Many patients who present on doses as high as .2 mg of T4 can often enjoy much better temperatures and clinical status on .05 mg of T4 than they ever did on .2 mg, after they have been cycled through T3 therapy. Presumably because the T3 therapy eliminates the T4/RT3 preonderance such that the T4 conversion and T3 stimulation of the cells is much “cleaner,” or more efficient.

I see a benefit in the patient being replaced with the smallest amount of T4 as is functional. The taller the tree the harder it falls. And the more unnecessarily high the T4 level, the more opportunity there is for stressful circumstances to shunt much of it to RT3, and the more opportunity there is for the shunting to get stuck that way due to T4/RT3 preponderance.


The taller the tree the harder it falls. A stress can trigger a vicious cycle that can cause a build-up of T4/RT3 preponderance. Higher doses of T4-containing medicine can lead to faster build-ups after a triggering stress.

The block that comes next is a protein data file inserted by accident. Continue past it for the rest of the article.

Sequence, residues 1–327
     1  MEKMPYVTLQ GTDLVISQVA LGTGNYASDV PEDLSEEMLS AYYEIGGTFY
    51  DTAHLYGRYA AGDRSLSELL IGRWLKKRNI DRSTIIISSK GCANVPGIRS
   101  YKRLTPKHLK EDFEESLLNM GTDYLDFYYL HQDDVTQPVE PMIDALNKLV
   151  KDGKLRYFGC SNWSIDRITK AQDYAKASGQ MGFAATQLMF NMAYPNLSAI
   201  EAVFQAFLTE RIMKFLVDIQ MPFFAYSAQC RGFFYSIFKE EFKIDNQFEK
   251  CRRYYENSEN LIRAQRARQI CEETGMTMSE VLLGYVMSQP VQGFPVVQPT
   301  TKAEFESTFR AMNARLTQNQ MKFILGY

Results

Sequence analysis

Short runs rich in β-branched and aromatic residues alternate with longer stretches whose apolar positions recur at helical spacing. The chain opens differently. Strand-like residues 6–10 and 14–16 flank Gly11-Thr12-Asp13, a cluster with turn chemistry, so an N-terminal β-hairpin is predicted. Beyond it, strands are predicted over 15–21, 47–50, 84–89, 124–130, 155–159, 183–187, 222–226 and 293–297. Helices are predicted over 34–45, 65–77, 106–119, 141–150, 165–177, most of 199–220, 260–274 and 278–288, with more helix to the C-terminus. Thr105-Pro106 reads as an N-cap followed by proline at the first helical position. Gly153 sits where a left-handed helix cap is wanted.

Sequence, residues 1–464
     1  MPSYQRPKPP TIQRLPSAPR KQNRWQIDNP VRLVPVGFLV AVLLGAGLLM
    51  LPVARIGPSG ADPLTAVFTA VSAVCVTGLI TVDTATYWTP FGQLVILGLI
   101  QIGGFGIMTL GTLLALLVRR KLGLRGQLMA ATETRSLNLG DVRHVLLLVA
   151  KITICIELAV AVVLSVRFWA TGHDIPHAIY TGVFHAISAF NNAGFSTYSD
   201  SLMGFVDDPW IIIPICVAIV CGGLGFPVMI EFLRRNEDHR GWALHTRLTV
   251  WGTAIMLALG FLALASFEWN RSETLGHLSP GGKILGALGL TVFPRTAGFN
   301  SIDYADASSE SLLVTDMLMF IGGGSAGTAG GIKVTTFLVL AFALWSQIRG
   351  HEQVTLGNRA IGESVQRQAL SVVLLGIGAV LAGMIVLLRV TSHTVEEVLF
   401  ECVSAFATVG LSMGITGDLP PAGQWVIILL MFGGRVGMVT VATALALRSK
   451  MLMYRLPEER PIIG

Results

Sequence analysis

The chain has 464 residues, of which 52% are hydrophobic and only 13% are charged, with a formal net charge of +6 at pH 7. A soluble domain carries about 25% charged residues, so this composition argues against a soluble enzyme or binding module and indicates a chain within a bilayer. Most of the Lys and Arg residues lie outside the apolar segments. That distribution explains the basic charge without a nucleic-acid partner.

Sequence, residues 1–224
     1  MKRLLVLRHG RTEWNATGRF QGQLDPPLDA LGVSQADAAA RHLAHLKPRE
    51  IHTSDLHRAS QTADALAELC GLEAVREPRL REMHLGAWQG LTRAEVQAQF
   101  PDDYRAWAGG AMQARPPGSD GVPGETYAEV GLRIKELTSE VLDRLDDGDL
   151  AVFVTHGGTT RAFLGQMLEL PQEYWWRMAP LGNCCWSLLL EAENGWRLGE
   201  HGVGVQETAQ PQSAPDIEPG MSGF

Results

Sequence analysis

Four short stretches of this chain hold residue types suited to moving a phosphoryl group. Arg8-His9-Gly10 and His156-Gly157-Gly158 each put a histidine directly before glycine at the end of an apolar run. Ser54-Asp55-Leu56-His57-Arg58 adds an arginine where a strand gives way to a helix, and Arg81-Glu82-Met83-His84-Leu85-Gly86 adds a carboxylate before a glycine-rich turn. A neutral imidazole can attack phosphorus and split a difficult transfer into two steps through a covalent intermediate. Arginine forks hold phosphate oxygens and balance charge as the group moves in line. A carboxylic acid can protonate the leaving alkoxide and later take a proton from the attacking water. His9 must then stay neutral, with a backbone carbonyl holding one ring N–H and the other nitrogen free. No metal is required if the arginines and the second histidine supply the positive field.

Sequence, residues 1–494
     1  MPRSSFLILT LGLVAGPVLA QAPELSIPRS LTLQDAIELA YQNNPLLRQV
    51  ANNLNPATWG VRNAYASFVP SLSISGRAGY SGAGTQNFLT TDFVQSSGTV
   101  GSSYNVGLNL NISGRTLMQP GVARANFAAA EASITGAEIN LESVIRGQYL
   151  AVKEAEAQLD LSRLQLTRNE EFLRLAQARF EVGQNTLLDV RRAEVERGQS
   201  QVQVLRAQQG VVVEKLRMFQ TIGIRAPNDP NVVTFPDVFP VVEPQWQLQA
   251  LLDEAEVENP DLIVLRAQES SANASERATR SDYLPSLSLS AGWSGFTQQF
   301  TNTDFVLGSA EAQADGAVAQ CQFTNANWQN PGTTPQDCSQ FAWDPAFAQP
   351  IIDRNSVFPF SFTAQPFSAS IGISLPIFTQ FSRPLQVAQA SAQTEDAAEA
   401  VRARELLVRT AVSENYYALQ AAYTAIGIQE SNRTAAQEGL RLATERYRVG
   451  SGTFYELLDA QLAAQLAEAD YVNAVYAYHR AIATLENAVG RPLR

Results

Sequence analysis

Interestingly, the most precipitous onsets of Wilson’s Temperature Syndrome have often been in patients who had gotten up on large doses of T4-containing medicines, and then experienced a triggering stress.

Also, if patients relapse when they are on .2 mg of T4 when .05 mg would have been sufficient, those relapses are likely to be more severe, and more difficult to correct, than they would have been if they were on .05 mg.

A patient who is being supplemented with a combination of T4 and T3 therapy is more likely to experience a decline in clinical status when presented with a physical, mental, or emotional stress than is a patient who is well replaced on T3 therapy. This is because a patient’s T3 supply is more dependent on T4 to T3 conversion by the deiodinating enzyme when the patient is taking some T4.

Given these observations, some might wonder if it would be better to leave hypothyroid patients on T3 therapy, rather than to put them back on T4. Not usually. When T4 is working (temperature’s normal, patient feels well), it’s an excellent choice. It’s once-a-day, ubiquitous, inexpensive, well-tolerated, familiar to all, and has a long half-life. I prefer T4 for long-term maintenance of hypothyroid patients. When the T4 is not working, however, one might be constrained to consider putting the patient on T3 therapy for a time to “clean out” or reset the system.